The program closed with Eyes on You, Stowell’s 2005 suite to 10 songs by Cole Porter, which has become one of OBT’s brightest repertory pieces, sleek and vivid and funny, and in its own way as successful a Broadway/Hollywood salute as any by Twyla Tharp. Some of the best songs may be 80 years old, but this is still crossover: intelligent classical dance meets intelligent popular song. Mueller is every bit the catalyst of this witty and beautifully formed romp, the Puck who girdles its globe and sprinkles magic dust in everyone’s eyes. Porter’s songs bounce between light and dark, and Mueller and Roper provide the perfect dramatic weight for each: Roper anchors In the Still of the Night, Begin the Beguine, and So in Love; Mueller takes flight with De-Lovely, My Heart Belongs to Daddy, and the aptly titled I Get a Kick Out of You. There was light and dark for the audience, too: for all the joy of the performance, we knew that with Mueller’s departure it will never be like this again.

The SLSB emerged with a smile. It was a given he’d like the dancing. But given his classical predilections, even a popular genius like Porter was a chancy encounter. “I liked the songs a lot,” he said.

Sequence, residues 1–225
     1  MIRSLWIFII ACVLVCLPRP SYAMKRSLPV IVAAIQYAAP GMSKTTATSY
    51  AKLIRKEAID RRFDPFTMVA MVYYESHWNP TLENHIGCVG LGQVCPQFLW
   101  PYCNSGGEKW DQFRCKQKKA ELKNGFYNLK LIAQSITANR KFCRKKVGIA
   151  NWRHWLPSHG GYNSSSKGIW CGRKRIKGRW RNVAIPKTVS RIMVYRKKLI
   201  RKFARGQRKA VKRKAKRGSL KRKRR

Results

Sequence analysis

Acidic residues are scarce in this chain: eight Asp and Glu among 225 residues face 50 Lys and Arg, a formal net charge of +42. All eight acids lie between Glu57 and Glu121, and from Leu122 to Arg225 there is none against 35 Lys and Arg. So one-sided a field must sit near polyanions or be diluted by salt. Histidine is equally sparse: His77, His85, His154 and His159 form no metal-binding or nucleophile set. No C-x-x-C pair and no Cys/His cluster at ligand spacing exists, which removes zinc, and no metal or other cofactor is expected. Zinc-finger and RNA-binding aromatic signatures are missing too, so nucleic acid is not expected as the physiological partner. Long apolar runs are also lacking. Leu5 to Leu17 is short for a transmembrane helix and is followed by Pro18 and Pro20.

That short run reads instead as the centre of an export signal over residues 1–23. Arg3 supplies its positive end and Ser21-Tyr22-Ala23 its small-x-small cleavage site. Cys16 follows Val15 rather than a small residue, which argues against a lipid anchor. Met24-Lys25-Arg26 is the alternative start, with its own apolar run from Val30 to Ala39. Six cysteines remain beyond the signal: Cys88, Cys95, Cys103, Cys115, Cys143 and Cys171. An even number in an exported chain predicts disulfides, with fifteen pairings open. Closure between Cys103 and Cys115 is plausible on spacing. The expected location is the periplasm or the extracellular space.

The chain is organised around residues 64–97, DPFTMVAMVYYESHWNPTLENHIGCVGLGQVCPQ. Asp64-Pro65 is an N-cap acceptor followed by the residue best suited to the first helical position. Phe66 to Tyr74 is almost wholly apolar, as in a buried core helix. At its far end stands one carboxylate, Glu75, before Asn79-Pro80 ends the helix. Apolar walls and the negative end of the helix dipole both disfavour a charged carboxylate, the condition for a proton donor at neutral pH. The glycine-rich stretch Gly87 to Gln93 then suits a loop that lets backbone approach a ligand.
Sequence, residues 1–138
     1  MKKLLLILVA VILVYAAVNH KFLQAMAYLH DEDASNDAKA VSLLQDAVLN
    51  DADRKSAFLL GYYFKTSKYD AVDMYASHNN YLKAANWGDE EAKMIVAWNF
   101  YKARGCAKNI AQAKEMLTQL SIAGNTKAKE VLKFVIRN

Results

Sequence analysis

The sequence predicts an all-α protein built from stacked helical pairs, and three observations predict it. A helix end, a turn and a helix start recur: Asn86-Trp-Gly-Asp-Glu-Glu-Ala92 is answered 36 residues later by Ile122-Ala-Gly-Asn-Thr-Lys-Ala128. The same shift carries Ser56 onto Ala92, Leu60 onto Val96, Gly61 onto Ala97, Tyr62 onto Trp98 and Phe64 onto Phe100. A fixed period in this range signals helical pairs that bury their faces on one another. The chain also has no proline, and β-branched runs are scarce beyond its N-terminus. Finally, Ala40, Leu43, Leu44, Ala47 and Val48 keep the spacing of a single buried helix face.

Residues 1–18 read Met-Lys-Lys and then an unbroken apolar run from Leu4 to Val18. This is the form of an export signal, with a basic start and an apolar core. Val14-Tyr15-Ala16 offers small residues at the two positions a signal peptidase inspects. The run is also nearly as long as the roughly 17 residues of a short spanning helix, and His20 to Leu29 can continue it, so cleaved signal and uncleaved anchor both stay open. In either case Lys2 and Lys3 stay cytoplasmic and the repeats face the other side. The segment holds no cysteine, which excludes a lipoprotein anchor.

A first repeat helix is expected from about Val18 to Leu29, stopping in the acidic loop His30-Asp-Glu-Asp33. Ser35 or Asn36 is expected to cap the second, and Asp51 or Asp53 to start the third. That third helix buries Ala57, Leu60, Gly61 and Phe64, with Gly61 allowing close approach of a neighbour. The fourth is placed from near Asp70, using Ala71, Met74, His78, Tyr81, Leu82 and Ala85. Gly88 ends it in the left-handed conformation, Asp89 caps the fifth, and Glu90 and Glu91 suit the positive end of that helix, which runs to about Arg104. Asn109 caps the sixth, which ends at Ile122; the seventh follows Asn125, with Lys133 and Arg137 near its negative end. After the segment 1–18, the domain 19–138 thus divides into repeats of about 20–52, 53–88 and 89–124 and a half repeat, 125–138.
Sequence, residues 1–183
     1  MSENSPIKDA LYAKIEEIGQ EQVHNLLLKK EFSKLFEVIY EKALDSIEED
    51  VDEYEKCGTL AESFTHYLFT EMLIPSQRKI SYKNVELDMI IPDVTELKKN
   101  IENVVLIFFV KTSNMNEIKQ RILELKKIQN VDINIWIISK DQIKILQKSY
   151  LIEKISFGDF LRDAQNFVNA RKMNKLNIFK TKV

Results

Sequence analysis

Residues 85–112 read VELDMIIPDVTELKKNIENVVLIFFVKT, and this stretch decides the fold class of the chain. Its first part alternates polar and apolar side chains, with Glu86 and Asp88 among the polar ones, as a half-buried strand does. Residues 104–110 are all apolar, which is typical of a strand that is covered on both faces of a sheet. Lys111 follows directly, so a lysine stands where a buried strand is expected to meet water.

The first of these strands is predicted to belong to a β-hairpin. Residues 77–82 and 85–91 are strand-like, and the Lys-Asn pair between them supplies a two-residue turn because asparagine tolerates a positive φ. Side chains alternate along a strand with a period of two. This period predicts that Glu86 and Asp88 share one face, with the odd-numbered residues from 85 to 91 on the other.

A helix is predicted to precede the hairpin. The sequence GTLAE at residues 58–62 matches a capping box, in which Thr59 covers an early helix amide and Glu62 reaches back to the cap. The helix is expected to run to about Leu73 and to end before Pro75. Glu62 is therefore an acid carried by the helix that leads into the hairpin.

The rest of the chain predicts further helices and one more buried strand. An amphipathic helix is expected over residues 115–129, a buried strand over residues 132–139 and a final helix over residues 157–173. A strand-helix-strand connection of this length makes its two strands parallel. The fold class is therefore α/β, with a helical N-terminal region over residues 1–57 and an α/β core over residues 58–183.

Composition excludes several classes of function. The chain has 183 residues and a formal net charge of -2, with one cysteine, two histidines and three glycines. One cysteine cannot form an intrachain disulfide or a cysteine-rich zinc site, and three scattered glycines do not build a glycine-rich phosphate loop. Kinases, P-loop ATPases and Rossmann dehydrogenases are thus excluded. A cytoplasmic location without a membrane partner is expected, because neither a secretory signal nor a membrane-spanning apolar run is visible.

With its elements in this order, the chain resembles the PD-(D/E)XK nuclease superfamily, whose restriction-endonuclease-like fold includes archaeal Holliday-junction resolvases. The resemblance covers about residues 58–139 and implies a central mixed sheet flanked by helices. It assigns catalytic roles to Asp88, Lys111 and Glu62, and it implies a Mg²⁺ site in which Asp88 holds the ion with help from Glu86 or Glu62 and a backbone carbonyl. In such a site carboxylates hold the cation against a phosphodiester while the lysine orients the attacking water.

As Wiwaldi might have put it: Vunderbar.

From left: Alison Roper, Anne Mueller and Kathi Martuza in Nicolo Fonte's "Left Unsaid." The men are Brian Simcoe, Artur Sultanov and Steven Houser. Photo: Blaine Truitt Covert.

PHOTOS, from top:

  • Anne Mueller, who retires after this show, in the spotlight of Christopher Stowell’s “Eyes on You” for Oregon Ballet Theatre. Photo: Blaine Truitt Covert.
  • Julia Rowe (foreground) and Olga Krochik in George Balanchine’s “Square Dance.” Photo: Blaine Truitt Covert.
  • Anne Mueller in Trey McIntyre’s “Speak” at OBT. Photo: Blaine Truitt Covert.
  • From left: Alison Roper, Anne Mueller and Kathi Martuza in Nicolo Fonte’s “Left Unsaid.” The men are Brian Simcoe, Artur Sultanov and Steven Houser. Photo: Blaine Truitt Covert.